Getting Started with the open source JavaScript Internet of Things platform ioBroker

ioBroker is an open source Internet of Things platform written in JavaScript and using Node.js for the back-end. It is perfect to run on single board computers such as Raspberry Pi. The project started in 2014. The source code is hosted in GitHub and the core is available under MIT license. The creators and maintainers of ioBroker are from Germany and the project is very popular among the German open source community interested in home automation.

In this article you will learn how to get started with ioBroker by installing it on a Raspberry Pi and after that how to measure temperature and humidity from the built-in DHT22 sensor on ANAVI Thermometer through the machine-to-machine protocol MQTT.

ioBroker Installation Guide

Step by step video tutorial for installing ioBroker on Raspberry Pi

Only two steps are required to install ioBroker on GNU/Linux distributions, including on a Raspberry Pi with Raspbian:

curl -sL | sudo -E bash -
sudo apt-get install -y nodejs
curl -sL | bash -

After successfully installing ioBroker, open the web interface and complete the initial setup as explained in the video.

Monitoring Temperature and Humidity from DHT22 in ioBroker via MQTT

Integrating ANAVI Thermometer with DHT22 temperature and humidity sensor in ioBroker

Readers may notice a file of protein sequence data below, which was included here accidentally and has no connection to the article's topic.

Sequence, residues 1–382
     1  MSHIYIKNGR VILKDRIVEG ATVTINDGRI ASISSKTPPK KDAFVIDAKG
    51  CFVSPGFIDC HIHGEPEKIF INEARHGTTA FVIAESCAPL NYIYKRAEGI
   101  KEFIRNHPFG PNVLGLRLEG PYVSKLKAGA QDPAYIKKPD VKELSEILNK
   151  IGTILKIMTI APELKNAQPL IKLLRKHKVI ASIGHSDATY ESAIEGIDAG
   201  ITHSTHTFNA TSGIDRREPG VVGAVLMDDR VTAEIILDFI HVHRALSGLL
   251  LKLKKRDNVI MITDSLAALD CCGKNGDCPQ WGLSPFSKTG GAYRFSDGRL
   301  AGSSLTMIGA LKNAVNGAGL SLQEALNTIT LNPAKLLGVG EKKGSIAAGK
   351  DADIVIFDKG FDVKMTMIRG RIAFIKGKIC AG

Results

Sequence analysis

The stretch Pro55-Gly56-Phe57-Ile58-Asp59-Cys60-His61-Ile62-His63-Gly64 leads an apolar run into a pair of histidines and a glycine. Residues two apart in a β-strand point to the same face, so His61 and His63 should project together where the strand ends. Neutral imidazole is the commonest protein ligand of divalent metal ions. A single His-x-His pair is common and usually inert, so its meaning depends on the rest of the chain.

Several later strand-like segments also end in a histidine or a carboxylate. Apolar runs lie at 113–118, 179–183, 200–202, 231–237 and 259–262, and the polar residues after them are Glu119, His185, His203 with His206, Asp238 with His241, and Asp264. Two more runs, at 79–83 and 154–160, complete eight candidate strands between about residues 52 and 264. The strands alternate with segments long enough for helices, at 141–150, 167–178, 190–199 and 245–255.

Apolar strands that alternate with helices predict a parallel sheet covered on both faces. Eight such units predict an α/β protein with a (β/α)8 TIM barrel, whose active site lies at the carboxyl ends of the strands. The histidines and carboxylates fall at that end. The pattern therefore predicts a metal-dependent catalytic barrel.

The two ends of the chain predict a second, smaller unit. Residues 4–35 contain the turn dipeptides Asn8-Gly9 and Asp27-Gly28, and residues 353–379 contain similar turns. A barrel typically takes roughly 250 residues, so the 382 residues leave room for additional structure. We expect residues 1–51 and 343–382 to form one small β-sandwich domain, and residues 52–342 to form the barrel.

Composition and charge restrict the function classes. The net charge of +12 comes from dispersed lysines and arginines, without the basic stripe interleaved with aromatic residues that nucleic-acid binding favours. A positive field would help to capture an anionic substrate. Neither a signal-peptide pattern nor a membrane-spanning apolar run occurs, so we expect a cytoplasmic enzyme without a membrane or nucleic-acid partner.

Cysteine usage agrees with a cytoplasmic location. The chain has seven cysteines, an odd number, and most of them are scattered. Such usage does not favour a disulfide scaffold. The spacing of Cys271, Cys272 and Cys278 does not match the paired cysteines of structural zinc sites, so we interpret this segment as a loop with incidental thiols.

ANAVI Thermometer is an open source hardware, Wi-Fi development board for measuring temperature that’s powered by an ESP8266 processor. It comes with a built-in DHT22/AM2302 temperature and humidity sensor and has slots for a mini OLED display, waterproof DS18B20 temperature sensor, and empty slots for up to three additional I2C sensor modules.  Out of the box, the open source firmware of ANAVI Thermometer, works with Home Assistant specification for automatic discovery and MQTT messages with JSON payload.

Although ioBroker is an alternative open source IoT platform, through an adapter it supports the Home Assistant specification. The process for using ANAVI Thermometer in ioBroker is straight-forward thanks to the adapters MQTT Client/Broker and HASS-MQTT.

Adapter MQTT Client/Broker can be configured either as MQTT broker or as a client mode and use an external broker. In the particular demonstration in the video the instance of ioBroker adapter MQTT Client/Broker has been configured as a broker, without username/password and with disabled publish check-boxes from the MQTT Settings tab.

Adapter HASS-MQTT is required to support the Home Assistant MQTT specification. It have to be installed separately and bound to the instance of adapter MQTT Client/Broker as shown in the video. Get the HASS-MQTT adapter from:

ANAVI Themometer reporting temperature and humidity to the open source IoT JavaScript platform ioBroker

After turning on the instances of both adapters in Home Assistant, ANAVI Thermometer must be configured to connect to the same MQTT broker. After that ANAVI Thermometer will be automatically detected and the data from DHT22 as well as from any other attached supported sensors will be automatically reported to ioBroker. You just need to configure how to display it in your preferred graphical user interface (ioBroker offers several of them). In the video I used the ioBroker visualisation adapter which requires activation through an unique key. The activation requires registration with a email and is not shown in the video. Adapter visualisation if free for personal use. The other adapters, MQTT Client/Broker and HASS-MQTT are free and open source without any limitations.

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